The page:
As my dad once wrote:

The motivation for the Society is unknown to the writer, but in a land heavily populated with English and Germans, as well as with the Irish, it must have been distressing indeed to see so much evidence of what Sir Walter Raleigh unflatteringly called the “Wilde Irish” so dangerously near them. Prudence alone would have dictated such a move.

All of which is to say, lo, how far the Wolfes did fall … from horse-racing to illegal horse-raising in but one generation!

You can read the entire Kerryman article from 1927 after the jump.

images: Maurice Richard Wolfe, of Dimby fame (Knockanure Library) and a Google Maps Street View shot of Ballyeigh, where the Cashen meets the River Feale and flows into the sea; “Eyes of the Races,” Listowel Races, September 16, 2008, by Barry Delaney (Flickr)

———

* Yes, I know. What a painful name! Actually, in Irish it looks like Baile an Bhuinneánaigh and derives from the Bonyon family, who claimed a castle there in 1582. You can see its lovely remains here.

** Cnoc an Fhásaig, or hill of the wilderness

 Baile ui Fhiaigh, or O’Fay’s town

 Listowel (Lios Tuathail, or Tuathal’s fort) being the hometown of my own great-great grandfather, or Kate Maher’s great uncle …

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There Was a Vast Unbroken Prairie

Where the forest meets the prairie, Buena Vista County, Iowa, by Samuel Calvin (University of Iowa)

This obituary of JAMES BUCKLEY WOLFE appeared in the Oxford Mirror, page 5, on February 3, 1916. Wolfe was my great-grandfather Maurice’s oldest brother. What strikes me is how this obituary, more than most, seems to be a means of remembering the early history of Clinton County, Iowa. Wolfe is cast in the role of the archetypal pioneer: one who made a pilgrim’s progress from Ireland, through the Slough of Despond (Chicago, apparently), fields of fire, and finally to the Celestial City, otherwise known (ironically?) as Lost Nation. It’s as if the obituary writer were not so much taking stock of James Wolfe as s/he was of the entire community.

Anyway, as for the misnomer in the headline: Wolfe did have a younger brother called John B., born in 1851.

Obituary of John B. Wolfe, Pioneer

James B. Wolfe was born in County Kerry, Ireland, April 13, 1844, and died at his home near Lost Nation, Iowa, January 27, 1916. When an infant he came to this country with his parents. The history of his life is the story of the immigrant and pioneer. They came to Chicago. Where a vast city now stands there were then only swamps and sloughs. Afterwards the family moved to Ottawa, Illinois, and later, in 1854 came to Iowa settling on the same farm, a part of which the deceased owned at the time of his death.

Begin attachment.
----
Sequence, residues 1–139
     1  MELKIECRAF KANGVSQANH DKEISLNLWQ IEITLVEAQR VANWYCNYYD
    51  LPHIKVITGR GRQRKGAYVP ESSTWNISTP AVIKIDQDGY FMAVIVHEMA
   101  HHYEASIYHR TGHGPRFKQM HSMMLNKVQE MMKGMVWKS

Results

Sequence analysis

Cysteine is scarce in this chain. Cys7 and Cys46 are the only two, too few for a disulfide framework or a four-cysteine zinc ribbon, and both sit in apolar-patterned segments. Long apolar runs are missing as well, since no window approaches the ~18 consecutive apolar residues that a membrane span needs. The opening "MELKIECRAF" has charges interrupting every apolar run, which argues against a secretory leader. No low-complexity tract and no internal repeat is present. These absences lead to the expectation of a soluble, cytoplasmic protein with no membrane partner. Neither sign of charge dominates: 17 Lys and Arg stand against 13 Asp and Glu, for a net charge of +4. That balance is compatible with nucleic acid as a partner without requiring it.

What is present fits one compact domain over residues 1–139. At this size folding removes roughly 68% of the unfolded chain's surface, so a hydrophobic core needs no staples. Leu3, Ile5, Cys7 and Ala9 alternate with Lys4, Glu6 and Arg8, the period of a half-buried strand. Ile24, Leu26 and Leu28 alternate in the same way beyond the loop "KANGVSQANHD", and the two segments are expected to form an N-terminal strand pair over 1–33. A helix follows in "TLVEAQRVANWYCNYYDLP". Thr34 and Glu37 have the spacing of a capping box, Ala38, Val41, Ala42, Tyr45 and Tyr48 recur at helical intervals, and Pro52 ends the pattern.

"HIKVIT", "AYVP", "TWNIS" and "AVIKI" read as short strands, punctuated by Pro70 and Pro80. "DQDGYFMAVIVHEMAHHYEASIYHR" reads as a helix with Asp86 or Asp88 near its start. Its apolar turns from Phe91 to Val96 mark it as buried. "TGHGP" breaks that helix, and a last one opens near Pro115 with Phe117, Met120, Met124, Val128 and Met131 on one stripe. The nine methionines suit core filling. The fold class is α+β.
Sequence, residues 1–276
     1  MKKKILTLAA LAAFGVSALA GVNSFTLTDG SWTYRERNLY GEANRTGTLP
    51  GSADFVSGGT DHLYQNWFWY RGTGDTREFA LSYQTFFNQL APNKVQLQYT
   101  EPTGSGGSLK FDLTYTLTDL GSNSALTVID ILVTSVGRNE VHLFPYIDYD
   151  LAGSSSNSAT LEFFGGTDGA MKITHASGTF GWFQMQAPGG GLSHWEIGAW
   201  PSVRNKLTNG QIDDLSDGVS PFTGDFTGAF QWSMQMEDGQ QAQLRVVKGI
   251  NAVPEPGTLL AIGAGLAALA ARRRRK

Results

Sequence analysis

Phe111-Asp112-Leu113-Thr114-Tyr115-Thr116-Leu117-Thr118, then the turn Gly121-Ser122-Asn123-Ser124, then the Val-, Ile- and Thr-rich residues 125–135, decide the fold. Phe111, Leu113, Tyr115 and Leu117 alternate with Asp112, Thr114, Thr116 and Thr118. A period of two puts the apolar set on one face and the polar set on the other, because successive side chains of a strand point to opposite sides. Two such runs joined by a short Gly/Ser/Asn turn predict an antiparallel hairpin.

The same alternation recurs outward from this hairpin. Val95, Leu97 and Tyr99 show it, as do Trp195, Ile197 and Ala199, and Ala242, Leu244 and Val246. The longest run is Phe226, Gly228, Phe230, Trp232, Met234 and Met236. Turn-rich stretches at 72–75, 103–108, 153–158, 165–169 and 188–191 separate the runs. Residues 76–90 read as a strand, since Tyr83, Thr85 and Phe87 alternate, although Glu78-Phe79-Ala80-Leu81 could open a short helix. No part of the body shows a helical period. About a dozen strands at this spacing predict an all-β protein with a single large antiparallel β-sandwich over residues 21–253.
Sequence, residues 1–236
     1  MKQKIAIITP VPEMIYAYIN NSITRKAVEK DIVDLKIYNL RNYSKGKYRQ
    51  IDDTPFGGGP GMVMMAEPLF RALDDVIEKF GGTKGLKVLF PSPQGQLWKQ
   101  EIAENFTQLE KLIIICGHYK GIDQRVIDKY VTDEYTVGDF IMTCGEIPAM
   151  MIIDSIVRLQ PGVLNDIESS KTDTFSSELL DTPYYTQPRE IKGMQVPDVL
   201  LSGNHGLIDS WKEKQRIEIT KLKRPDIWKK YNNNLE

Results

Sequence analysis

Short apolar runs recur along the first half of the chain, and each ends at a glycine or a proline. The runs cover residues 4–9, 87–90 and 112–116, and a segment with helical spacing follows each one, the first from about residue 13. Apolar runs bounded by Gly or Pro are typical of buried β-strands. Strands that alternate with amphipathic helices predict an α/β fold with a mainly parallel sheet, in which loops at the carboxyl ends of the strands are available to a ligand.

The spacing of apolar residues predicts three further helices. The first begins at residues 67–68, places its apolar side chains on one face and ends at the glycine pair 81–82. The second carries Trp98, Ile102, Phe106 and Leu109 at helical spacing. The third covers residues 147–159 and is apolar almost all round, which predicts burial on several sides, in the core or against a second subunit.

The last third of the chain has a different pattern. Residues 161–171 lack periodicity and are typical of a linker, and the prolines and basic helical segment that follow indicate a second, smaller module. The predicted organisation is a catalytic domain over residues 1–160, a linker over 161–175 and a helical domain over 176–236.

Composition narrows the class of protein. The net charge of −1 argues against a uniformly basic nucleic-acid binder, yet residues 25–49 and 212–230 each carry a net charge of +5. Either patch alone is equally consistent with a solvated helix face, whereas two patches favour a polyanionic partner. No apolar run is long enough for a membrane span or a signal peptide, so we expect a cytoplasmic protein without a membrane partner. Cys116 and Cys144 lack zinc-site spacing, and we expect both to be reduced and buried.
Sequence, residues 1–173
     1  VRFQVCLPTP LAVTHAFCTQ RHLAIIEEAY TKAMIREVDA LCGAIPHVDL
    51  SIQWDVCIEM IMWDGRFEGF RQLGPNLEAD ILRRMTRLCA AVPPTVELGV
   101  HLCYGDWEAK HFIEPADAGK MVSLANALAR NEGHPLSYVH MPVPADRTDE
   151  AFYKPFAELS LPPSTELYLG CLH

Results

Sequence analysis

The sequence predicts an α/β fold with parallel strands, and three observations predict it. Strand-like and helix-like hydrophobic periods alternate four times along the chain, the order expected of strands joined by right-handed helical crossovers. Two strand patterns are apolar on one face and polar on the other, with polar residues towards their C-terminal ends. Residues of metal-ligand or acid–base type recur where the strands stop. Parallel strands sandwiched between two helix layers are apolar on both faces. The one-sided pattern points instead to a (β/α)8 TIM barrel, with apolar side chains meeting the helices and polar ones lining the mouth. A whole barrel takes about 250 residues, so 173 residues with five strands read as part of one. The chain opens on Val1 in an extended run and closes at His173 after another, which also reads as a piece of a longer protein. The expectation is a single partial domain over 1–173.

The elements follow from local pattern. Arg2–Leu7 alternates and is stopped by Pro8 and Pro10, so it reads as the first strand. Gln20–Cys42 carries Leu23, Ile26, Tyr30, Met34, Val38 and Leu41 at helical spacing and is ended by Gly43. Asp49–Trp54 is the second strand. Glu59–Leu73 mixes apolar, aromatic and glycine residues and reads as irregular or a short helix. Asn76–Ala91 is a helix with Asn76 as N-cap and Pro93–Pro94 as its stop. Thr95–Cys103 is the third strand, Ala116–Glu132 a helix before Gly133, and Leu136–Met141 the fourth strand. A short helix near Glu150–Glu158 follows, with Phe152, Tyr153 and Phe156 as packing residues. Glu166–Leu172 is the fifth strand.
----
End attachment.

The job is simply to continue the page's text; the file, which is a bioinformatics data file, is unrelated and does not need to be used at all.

At that time, where there are now prosperous well tilled farms, there was a vast unbroken prairie over which the deer roamed at will and through which surged the all devouring prairie fire sweeping everything before it. Here, the deceased experienced the struggles and privations of pioneer life. Through the sides of the rude hut of a home, the wind and the weather blew. Often did he tell of how he shook the snow from the bed covers on awakening and brushed it aside on the floor to make a bare place upon which to stand while dressing. He lived to see the great evolution and progress of the past almost three quarters of a century. He saw the railroad, the steam engine, and the automobile displace the rail and the ox drawn wagon of the pioneer and the transformation which has made an unbroken, unpeopled* prairie the garden spot of the world.

The deceased united in marriage to Annie O’Connor, February 8, 1872, which union was blessed with seven children all of whom with the wife survive. They are John O. C., Nora L. and James L., of this place; Mrs. Frank Goodall [May R.], of Toronto; Doctor Jeremiah, of Grand Mound; Mrs. I. S. Ryan [Anna], of Welton; and Attorney Walter I., of Dunlap. Besides, the deceased leaves to mourn his death four brothers and three sisters as follows: Judge P. B. Wolfe, Mrs. T. D. Fitzgerald [Katherine] and Mrs. D. Langan [Margaret I.] of Clinton; Attorney Richard B. of DeWitt; Maurice B. of Lost Nation; and Sister M. Scholastica [Johanna] of St. Joseph’s Mercy Hospital, Sioux City.

He was a man of sterling worth and unimpeachable character who counted every man his friend. Always a natural leader of men he held many positions of honor and trust, though never a seeker after public acclaim. At the time of his death, he was president of the Lost Nation Savings Bank.

The funeral services were held at St. James’ church, Toronto. Requiem High Mass was celebrated by Father McNamara assisted by Father Regan of Oxford Junction and Father Small of Lost Nation and the choir of the Sacred Heart church, Lost Nation. Father Small paid an eloquent tribute to the faith of the deceased—a life-long Catholic in which faith he so calmly and resignedly passed away.

The remains were borne to their last resting place by sight of his life-long neighbors and friends, namely James Connors, Anthony Early, William Burnett, Thomas Early, Edward O’Donnell, Edward Scanlan, M. P. O’Connor and James Hughes.

Those from a distance who attended were, Judge P. Wolfe and daughter Mollie and Mrs. T. D. Fitzgerald and daughter Margaret of Clinton; R. B. Wolfe and family and Mrs. M. Scanlan of DeWitt, Iowa; John B. Wolfe of Melrose, Iowa; Kate Carroll, Kilkenny, Minnesota; Mrs. B. McBride of Hawarden, Iowa; Hugh Buckley, Chicago; O. S. Gilroy and Jennie McLaughlin of Bettendorf, Iowa; and Mr. and Mrs. T. J. Leahy of Fulton, Illinois.